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Presidential candidate Elizabeth Warren greets supporters Oct. 3 at a town hall meeting at Waterfront Park in San Diego. 

The platitude of 'believe women' means nothing without serious consideration of how sexism affects women's lives.

Democratic presidential candidate Elizabeth Warren has recently highlighted the pervasiveness of discrimination against pregnant people by speaking openly about the fact that she herself was fired for becoming pregnant.

"When I was 22 and finishing my first year of teaching, I had an experience millions of women will recognize," Warren wrote on Twitter. "By June, I was visibly pregnant — and the principal told me the job I'd already been promised for next year would go to someone else. This was 1971, years before Congress outlawed pregnancy discrimination — but we know it still happens in subtle and not-so-subtle ways."

Conservative leaning publications, like The Washington Free Beacon, attempted to rally against Warren's story, saying that there was no proof and that records show that Warren resigned from her teaching position. Mainstream news sources also tried to cast doubt on Warren, pointing out inconsistencies in how she has spoken about the incident throughout the years. Warren has explained that she has been more open to sharing what happened than in the past.

Despite many people sharing their own stories of pregnancy discrimination in solidarity with Warren, she has been forced to defend herself against incessant attempts to poke holes by male pundits.

Pregnancy discrimination is difficult to prove. It is not a documented process and it is likely that records will not reflect many people's experiences. The reaction of the media and Warren's colleagues, particularly men, shows a disregard for anyone's ability to speak about their own encounters with sexism.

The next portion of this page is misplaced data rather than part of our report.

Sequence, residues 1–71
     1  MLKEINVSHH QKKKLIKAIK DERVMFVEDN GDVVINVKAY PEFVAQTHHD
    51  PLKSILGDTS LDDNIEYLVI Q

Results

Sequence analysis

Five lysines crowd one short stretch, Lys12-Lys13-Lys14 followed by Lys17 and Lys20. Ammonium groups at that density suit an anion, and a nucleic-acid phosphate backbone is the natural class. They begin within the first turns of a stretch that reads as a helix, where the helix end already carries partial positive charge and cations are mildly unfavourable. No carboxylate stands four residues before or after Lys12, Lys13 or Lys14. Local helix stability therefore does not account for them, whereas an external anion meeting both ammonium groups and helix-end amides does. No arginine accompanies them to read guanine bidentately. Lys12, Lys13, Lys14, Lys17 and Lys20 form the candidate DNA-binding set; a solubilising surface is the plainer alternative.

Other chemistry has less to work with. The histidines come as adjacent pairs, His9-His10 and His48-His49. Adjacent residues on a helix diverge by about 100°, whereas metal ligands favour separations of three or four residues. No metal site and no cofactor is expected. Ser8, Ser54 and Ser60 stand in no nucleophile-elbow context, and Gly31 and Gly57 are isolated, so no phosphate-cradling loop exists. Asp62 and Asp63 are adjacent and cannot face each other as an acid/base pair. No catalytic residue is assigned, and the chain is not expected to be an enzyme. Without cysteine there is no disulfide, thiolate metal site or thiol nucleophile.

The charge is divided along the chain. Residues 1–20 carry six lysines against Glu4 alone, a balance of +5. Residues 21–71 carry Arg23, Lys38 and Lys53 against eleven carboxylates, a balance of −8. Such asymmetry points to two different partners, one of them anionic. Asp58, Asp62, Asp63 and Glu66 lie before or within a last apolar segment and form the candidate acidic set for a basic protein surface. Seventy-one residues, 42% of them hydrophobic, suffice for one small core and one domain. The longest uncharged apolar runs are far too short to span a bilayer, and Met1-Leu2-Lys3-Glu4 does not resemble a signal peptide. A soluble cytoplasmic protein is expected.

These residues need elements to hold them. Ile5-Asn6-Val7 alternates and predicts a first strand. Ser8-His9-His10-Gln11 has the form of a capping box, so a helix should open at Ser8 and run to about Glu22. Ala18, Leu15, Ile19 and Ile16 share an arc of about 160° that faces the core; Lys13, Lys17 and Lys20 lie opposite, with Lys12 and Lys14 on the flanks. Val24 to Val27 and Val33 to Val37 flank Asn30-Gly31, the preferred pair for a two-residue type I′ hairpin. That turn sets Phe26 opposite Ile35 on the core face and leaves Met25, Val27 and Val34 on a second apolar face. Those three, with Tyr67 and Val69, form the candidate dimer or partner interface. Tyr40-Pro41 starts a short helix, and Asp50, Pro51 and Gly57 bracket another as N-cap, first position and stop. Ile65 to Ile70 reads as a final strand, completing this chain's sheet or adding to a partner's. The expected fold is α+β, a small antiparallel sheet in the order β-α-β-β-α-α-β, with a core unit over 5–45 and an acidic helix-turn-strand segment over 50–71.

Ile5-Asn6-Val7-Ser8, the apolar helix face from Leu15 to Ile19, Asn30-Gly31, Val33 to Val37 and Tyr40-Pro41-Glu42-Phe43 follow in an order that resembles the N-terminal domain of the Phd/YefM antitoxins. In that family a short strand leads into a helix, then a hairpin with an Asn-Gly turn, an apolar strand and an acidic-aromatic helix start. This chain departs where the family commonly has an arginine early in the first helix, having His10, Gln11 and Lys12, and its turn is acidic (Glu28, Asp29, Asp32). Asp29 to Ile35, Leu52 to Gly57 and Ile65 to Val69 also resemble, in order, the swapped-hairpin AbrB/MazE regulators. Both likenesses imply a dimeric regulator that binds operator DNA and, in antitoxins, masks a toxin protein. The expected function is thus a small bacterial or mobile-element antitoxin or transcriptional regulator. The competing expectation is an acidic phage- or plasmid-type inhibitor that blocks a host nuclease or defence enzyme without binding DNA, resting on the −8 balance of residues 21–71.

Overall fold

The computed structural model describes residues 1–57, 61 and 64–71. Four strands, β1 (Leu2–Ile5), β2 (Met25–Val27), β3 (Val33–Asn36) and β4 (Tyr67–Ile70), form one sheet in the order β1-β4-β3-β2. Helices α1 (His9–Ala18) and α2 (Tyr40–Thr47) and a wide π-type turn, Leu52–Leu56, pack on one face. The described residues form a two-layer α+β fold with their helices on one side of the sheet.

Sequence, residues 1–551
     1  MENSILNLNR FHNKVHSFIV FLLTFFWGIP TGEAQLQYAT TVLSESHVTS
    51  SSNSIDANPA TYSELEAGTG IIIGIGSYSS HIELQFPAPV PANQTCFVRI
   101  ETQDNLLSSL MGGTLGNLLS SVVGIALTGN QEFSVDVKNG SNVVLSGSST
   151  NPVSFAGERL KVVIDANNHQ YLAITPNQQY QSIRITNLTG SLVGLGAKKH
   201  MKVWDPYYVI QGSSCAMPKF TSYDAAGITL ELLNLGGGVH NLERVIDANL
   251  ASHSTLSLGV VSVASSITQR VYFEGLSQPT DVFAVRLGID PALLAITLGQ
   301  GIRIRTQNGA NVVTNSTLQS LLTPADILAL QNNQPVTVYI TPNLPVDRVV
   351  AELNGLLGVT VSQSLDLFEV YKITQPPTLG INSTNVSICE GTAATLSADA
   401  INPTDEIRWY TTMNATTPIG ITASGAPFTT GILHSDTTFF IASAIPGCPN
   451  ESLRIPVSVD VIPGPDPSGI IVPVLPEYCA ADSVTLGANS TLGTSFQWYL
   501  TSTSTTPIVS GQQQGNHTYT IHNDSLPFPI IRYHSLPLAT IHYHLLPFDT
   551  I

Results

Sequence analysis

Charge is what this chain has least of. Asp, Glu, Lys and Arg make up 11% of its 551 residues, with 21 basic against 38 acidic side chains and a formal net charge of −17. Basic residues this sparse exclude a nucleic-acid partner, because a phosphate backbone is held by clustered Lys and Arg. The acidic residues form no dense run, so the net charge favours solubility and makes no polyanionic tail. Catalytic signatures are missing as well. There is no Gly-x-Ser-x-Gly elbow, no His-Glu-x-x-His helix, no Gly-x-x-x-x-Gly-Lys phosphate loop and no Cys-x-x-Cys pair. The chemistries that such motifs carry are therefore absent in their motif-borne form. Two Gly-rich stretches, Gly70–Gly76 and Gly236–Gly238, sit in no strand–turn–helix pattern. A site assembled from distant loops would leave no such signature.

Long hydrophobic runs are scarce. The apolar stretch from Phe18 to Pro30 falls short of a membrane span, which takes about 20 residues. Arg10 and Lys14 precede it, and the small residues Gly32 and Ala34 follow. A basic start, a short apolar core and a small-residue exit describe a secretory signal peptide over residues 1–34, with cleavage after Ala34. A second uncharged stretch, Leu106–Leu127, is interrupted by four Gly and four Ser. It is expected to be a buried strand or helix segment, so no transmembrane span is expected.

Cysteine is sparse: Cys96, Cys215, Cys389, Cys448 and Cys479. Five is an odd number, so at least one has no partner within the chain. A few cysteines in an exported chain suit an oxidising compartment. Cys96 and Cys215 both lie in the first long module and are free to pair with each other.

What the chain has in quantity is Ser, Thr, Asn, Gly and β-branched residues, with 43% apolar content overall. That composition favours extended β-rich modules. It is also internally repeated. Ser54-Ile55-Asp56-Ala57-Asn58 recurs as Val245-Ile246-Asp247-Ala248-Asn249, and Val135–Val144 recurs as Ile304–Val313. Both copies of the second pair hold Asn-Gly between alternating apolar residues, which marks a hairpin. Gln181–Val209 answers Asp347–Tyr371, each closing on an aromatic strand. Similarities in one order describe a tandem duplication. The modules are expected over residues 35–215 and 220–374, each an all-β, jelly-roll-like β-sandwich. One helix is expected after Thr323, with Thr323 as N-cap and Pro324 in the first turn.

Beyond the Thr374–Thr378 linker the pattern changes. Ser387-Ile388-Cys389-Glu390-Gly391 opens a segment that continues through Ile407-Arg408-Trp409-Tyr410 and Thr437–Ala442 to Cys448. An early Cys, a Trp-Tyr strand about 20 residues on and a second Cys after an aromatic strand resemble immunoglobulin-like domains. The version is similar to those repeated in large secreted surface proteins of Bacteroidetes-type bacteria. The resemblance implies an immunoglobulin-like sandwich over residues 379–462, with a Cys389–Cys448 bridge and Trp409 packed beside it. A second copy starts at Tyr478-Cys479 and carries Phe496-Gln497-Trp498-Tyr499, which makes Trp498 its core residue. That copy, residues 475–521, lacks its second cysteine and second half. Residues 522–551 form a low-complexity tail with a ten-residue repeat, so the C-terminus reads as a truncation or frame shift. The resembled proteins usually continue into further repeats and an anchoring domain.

The perceptions of women are regularly dismissed, particularly when that woman is running for president. Warren's story is more than just her own, however. Though pregnancy discrimination was outlawed in 1978, pregnant people are still denied workplace equality. Pretending otherwise is not just ignorant, it is a malicious shutdown of individuals' voices.

Pregnancy and motherhood are still seen as workplace liabilities. In The American Journal of Sociology, researchers from Cornell University found that there is a "motherhood penalty" in employment. When men are or have a desire to be fathers, employers see that as a commitment to paid work.

Meanwhile, when others are or have to desire to be mothers, they are seen as less employable, without a commitment to paid work. They are held to a harsher standard by employers, and are less likely to receive promotions or raises. Parental status is an advantage for men, but a disadvantage for those who desire to be mothers. The point Warren makes in sharing her story is that this kind of discrimination is consistent, pervasive, and usually goes under the radar.

The platitude of 'believing women' must expand beyond sexual assault. Believe people when they talk about sexism in all forms. As long as voices are being dismissed, there will be no substantive progress in gaining equal footing. Not just pundits, but everyone in their daily lives, needs to learn to listen when people speak up.

-- Minnesota Daily

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